Analysis of the effect of smoking on the buccal microbiome using next-generation sequencing technology

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Karabudak S., Ari O., Durmaz B., Dal T., Basyigit T., KALCIOĞLU M. T., ...More

Journal of Medical Microbiology, vol.68, no.8, pp.1148-1158, 2019 (SCI-Expanded) identifier identifier

  • Publication Type: Article / Article
  • Volume: 68 Issue: 8
  • Publication Date: 2019
  • Doi Number: 10.1099/jmm.0.001003
  • Journal Name: Journal of Medical Microbiology
  • Journal Indexes: Science Citation Index Expanded (SCI-EXPANDED), Scopus
  • Page Numbers: pp.1148-1158
  • Keywords: Buccal microbiome, Metagenomic analysis, Next-generation sequencing, Smoking
  • Ankara Yıldırım Beyazıt University Affiliated: Yes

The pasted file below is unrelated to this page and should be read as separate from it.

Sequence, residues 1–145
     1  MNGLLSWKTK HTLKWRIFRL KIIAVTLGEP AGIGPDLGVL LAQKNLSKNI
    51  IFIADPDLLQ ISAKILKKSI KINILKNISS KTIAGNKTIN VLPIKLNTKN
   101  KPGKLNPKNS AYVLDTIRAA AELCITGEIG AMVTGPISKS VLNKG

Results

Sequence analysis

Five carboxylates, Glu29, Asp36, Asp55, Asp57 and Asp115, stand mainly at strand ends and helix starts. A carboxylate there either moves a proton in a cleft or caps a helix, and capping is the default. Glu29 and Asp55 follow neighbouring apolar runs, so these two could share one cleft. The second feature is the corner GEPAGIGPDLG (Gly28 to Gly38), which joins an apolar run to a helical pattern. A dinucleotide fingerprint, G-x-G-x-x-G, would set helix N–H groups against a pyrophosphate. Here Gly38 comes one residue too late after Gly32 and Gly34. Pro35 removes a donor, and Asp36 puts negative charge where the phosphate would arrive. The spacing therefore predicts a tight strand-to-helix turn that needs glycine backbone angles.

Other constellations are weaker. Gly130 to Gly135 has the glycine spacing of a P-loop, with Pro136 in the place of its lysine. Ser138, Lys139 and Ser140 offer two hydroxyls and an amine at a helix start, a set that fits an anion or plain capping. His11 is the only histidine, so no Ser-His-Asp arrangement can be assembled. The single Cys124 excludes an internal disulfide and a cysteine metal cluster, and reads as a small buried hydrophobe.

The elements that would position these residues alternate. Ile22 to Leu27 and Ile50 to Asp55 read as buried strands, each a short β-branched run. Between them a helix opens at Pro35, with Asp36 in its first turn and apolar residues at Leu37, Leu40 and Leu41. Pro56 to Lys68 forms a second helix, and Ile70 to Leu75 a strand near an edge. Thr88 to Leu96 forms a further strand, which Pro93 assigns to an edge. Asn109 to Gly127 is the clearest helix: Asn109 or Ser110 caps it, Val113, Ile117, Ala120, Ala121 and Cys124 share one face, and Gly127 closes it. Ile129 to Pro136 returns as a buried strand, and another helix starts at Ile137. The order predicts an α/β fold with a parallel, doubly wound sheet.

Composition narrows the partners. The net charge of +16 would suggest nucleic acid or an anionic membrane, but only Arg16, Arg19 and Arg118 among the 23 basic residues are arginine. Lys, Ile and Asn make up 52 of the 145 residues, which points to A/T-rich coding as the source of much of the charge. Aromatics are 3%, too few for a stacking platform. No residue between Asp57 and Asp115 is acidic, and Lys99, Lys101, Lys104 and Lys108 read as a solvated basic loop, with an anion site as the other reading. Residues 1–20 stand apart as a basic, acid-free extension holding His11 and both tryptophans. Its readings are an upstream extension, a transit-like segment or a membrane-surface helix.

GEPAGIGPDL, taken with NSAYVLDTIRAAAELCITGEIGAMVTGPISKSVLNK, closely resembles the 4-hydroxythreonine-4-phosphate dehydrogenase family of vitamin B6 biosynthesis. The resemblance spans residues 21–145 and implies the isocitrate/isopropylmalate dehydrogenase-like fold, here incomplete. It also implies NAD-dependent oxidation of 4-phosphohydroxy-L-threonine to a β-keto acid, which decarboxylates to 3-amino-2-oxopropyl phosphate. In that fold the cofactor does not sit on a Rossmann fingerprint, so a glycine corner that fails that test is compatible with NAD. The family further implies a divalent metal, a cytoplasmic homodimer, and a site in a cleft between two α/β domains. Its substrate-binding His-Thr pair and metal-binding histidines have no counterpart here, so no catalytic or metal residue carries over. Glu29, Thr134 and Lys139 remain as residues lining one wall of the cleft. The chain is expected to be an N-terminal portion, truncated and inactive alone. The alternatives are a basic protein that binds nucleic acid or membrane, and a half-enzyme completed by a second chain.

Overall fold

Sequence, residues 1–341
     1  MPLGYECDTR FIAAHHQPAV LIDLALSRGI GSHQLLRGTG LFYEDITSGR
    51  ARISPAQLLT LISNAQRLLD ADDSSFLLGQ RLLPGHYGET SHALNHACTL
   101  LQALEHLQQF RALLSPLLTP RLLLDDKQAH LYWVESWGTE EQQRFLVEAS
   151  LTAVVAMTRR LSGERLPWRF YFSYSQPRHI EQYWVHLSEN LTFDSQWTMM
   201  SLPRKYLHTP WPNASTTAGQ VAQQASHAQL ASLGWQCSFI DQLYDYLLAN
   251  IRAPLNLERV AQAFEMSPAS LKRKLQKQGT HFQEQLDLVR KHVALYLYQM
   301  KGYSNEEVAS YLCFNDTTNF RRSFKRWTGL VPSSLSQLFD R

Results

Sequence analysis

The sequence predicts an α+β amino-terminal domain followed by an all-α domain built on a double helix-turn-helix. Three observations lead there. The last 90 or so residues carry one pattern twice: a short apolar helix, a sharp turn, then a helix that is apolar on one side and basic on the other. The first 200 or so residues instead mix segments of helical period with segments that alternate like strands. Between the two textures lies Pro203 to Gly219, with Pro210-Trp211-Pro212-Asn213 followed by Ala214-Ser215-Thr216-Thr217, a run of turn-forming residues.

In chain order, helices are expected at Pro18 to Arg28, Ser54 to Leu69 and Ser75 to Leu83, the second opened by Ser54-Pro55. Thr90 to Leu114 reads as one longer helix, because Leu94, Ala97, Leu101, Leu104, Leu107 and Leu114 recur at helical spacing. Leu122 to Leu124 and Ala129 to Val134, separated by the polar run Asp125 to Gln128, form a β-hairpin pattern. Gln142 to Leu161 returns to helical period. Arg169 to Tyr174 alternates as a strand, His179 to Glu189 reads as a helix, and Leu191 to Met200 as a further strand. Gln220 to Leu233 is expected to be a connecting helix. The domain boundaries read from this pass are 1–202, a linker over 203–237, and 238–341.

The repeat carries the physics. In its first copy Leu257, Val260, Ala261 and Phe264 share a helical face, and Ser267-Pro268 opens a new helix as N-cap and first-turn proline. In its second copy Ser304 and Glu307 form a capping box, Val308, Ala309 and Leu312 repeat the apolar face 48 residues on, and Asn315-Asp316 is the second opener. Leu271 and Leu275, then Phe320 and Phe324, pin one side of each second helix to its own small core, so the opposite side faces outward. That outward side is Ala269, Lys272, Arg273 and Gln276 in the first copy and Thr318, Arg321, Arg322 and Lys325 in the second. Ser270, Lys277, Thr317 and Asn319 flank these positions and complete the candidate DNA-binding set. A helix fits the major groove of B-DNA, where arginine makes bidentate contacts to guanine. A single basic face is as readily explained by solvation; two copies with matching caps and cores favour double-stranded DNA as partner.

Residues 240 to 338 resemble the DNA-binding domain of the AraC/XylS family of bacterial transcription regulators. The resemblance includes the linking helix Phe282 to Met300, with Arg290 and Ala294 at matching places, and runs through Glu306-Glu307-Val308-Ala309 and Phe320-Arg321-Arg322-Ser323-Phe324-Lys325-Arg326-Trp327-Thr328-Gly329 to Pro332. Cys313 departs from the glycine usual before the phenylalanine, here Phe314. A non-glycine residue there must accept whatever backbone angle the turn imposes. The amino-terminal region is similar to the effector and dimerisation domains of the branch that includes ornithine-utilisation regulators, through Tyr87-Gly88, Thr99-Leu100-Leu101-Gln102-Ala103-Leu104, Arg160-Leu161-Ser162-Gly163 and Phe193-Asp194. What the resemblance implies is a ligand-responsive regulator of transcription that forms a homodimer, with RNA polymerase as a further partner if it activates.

© 2019 The Authors.Purpose. This study aimed to investigate the effect of smoking on the buccal microbiome and to analyse the descriptive ability of each of the seven hypervariable regions in their 16S rRNA genes. Methodology. Microbiome compositions of 40 buccal swab samples collected from smokers (n =20) and non-smokers (n =20) were determined using 16S rRNA sequencing. Seven different 16S rRNA hypervariable regions (V2, V3, V4, V6-7, V8 and V9) in each sample were amplified using the Ion Torrent 16S Metagenomics kit and were sequenced on the Ion S5 instrument. Results. Seven hypervariable regions in the 16S rRNA gene were successfully sequenced for all samples tested. The data obtained with the V2 region was found to be informative but the consensus data generated according to a number of operational taxonomic unit reads gathered from all seven hypervariable regions gave the most accurate result. At the phylum level, no statistically significant difference was found between smokers and non-smokers whereas relative abundances of Veillonella atypica, Streptococcus australis, Prevotella melaninogenica, Prevotella salivae and Rothia mucilaginosa showed significant increases in the smoker group (P-adj=0.05). Alpha diversity results did not show a significant difference between the two groups; however, beta diversity analysis indicated that samples of smoker and non-smoker groups had a tendency to be clustered within themselves. Conclusion. The results of the current study indicate that smoking is a factor influencing buccal microbiome composition. In addition, sequencing of all seven hypervariable regions yielded more accurate results than those with any of the single variable regions.